Location: 3936 N Mississippi Ave., in the former Mac! Mac & Cheesery space
The players: Chef Bill Wallender (Clarklewis, Ava Gene's), owner Emily Everett (Mac! Mac & Cheesery)
Expected opening: July
The place: A fresh, local seasonal spot helmed by former Ava Gene's sous chef Bill Wallender. The ownership from Mac! Mac & Cheesery—which lived on Mississippi for five years—remains the same, but it appears that all other aspects of the space are being utterly rearranged and upscaled.
Double Mountain Woodstock
Location: 4500 SE Woodstock Blvd., next to the New Seasons
The players: Double Mountain Brewing of Hood River, duh
Expected opening: July
The place: Down from the New Seasons, Double Mountain will bring 20 taps of Double Mountain to Portland—so your DM will not be limited to the Hop Lava and IRA and Kolsch that seem to be on tap at…every single bar in Portland. That much-celebrated pizza will also be around—and while people who say it's better than Scholls' are sorta nuts, it'll certainly be the best pizza that Woodstock has ever seen. Oh, and apparently the bar staff was given an allowance to buy old vinyl. So let's hope the bar staff has really, really good taste.
Please Louise Pizza
Location: Northwest Quimby Street and 21st Avenue, next to the New Seasons
Opening: June 1 (today! softly!)
The players: Breakside owner Scott Lawrence and his old friend Brian Carrick, former Wildwood sous chef Brian Lamback
The place: Please Louise will enlist a Bakers Pride electric oven to make artisan-style pies falling somewhere between Apizza Scholls and New York in general—it'll start with a stock of six different 14-inch pies (we had a pleasant sample margherita while it was still working out the kinks, plus a job with sausage and fontina) and some fancy charcuterie like trout rilletes, tri-tip tartare and duck liver brulee. Expect a series of seasonal veggie small plates as well, for the meat-impaired.
Location: 3584 SE Division St., the former Eugenio's space
The players: Gestalt Haus has two other bars like it in San Francisco before the owners moved to Portland.
Opening: June 2 (softly, softly)
The place: The owners of Gestalt—a bike-obsessive San Fran bar so well-loved that bike maker Marin named a line of bicycles after it—moved to Portland this year. They brought the bar with them, which will open in the space formerly filled by Eugenio's. Expect sausages "from vegan to veal," a beer list splitting time between authentic German and local craft, German apéritifs from Underberg to Jäger, and some one-of-a-kind bicycles hanging from the ceiling that will actually be for sale on the bar's food menu. One of the two owners works at River City Bicycles, so expect plenty of bike events and bike rides to jump off here.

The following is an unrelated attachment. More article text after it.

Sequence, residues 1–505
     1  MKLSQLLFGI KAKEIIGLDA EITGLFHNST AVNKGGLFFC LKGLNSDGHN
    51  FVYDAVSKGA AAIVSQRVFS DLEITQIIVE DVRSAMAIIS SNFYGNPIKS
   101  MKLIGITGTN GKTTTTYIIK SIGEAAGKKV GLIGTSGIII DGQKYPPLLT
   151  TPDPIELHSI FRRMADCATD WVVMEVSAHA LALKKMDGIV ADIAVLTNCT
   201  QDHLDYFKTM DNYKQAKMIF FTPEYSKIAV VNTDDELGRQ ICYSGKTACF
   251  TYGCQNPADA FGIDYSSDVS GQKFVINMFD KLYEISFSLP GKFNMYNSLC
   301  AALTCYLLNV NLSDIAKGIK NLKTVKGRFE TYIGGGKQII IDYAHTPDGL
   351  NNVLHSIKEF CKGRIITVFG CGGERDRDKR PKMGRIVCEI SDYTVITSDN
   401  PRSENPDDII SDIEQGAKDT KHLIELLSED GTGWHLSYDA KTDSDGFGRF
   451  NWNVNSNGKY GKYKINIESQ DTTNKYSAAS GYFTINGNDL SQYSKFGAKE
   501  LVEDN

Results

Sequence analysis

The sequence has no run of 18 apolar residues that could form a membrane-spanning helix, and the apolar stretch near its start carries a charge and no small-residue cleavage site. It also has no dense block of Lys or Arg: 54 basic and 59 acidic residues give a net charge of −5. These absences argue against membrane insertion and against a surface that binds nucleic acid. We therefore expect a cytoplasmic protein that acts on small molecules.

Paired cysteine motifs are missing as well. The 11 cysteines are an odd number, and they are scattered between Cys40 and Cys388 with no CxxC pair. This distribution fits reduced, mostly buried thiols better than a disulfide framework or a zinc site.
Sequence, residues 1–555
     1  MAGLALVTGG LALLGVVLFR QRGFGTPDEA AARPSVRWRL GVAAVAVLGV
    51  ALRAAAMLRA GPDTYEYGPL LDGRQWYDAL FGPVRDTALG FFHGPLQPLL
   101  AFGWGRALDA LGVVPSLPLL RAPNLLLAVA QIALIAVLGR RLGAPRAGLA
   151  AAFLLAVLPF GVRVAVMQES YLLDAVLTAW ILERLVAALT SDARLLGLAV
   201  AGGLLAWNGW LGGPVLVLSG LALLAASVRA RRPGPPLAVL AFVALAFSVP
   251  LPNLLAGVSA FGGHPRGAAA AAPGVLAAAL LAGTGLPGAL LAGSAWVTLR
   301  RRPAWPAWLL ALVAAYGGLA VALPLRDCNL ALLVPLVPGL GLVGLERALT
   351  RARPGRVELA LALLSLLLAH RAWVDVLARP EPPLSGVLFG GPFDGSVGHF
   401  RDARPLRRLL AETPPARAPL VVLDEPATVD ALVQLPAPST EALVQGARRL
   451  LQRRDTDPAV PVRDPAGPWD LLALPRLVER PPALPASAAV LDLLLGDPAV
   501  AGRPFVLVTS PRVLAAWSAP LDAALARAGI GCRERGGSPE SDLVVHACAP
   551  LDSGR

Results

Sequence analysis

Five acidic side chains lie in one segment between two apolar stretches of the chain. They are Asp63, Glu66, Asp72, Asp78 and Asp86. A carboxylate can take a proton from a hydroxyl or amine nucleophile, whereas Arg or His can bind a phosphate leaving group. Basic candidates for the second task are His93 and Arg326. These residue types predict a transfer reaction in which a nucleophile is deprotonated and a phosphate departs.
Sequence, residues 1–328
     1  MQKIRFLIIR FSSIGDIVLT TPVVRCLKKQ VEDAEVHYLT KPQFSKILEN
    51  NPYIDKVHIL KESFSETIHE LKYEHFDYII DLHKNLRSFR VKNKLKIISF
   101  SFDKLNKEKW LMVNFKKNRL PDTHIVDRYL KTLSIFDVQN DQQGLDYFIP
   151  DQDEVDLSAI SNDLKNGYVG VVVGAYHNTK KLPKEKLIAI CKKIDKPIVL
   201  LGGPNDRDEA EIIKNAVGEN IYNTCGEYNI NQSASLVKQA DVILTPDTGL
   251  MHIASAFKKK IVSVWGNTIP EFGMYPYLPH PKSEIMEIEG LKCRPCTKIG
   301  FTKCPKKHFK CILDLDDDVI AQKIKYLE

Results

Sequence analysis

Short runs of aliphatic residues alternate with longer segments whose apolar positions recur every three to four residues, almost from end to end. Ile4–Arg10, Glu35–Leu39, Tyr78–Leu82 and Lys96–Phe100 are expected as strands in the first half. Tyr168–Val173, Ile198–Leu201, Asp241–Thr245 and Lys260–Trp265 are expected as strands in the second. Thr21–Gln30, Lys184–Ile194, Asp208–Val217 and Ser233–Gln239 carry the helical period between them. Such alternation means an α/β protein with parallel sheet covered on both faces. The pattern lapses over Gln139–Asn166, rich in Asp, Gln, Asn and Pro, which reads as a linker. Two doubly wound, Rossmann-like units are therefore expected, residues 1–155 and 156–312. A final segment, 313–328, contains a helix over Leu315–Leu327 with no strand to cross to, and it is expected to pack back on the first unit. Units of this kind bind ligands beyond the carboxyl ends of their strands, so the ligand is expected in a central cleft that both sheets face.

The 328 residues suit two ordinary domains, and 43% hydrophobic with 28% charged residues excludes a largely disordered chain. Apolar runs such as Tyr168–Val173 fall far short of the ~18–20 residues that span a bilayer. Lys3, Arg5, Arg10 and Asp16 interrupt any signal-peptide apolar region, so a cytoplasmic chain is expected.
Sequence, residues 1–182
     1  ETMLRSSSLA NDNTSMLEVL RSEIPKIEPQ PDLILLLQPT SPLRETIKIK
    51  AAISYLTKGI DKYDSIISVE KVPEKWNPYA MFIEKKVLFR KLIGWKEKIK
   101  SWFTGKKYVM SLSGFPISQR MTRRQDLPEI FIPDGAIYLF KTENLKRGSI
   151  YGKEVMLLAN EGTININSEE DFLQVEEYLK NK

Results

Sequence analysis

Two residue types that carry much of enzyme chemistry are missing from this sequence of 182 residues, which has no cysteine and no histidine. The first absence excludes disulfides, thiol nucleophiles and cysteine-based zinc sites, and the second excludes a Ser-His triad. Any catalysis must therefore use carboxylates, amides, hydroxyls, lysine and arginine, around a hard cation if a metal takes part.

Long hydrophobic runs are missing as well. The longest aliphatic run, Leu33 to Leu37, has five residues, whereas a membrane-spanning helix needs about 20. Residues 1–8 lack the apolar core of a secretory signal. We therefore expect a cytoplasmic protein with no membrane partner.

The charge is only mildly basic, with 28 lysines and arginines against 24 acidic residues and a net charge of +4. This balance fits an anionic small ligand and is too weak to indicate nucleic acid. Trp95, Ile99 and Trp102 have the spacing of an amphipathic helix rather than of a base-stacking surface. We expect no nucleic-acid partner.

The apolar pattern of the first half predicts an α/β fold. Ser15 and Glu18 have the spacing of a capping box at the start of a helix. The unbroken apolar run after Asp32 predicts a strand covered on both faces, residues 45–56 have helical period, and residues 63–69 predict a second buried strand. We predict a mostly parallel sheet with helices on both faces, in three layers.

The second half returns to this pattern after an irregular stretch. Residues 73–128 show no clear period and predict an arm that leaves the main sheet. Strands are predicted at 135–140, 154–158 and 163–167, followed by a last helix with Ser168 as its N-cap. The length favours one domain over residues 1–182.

Location: 1435 SE Hawthorne Blvd., where Langano Lounge was
Expected opening: July 1
The players: Brent Atchley, Nicholas Hyde, Michael Chin, Colin Yoshimoto
The place: A spot devoted to poke, created by a bunch of skaters and talented chef Colin Yoshimoto, who has worked with some of the best sushi chefs in town (Mirakutei's chef Hiro, Nodoguro's Ryan Roadhouse) in addition to keeping Nong's Khao Man Gai going smoothly for years as general manager. Expect a cool-conscious hall of citrus-cured tuna bowls, beneath one of Portland's only new apartment buildings to actually be architecturally charming.
Location: 2039 SE Clinton St., former home to both Renard and St. Jack
The players: Derek Hanson (Multnomah Whiskey Library, Laurelhurst Market, Broder), Brandi Lansill (Multnomah Whiskey Library, Old Salt)
Expected opening: July
The place: Jacqueline, in the old St. Jack space, is named not after the former French restaurant but the submarine in The Life Aquatic With Steve Zissou. The two former Multnomah Whiskey Library chefs will be trying to blur the lines between front and back of house, server and cook, with a seafood-heavy menu (life aquatic? Get it?) with farm-to-table Pacific Northwest-style food, from veggie plates to pasta to oyster crudo. "Portland is so meat-heavy, masculine," says Hanson. "We want to do something lighter."
Location: Northwest 8th Avenue and Couch Street (food cart)
The players: Andrew Mace, longtime chef at Le Pigeon
Expected opening: Any second now
The place: Andrew Mace left his post as chef de cuisine at Le Pigeon this May toserve fish. In a cart. At the edge of the Pearl. From the small-boat fishermen of Garibaldi, Ore., via Community Supported Fishery. And by fish we mean fish like, say, salt and pepper shrimp.
Location: 626 SW Park Ave.
The players: Neil Thompson, William Oben
Expected opening: First week of July
The place: The eternally closing and opening Brasserie Montmartre, the iconic Park Avenue building once home to Portland's most aged and famous French restaurant, will reopen with a different French name: Bardot. On one side, it'll be a wine shop called Park Avenue Fine Wines, while the wine bar will channel the "'60s sexiness" of French pin-up Brigitte Bardot. It'll act a bit like a hotel bar without a hotel—serving as jumping off point and concierge for the West End's various restaurants.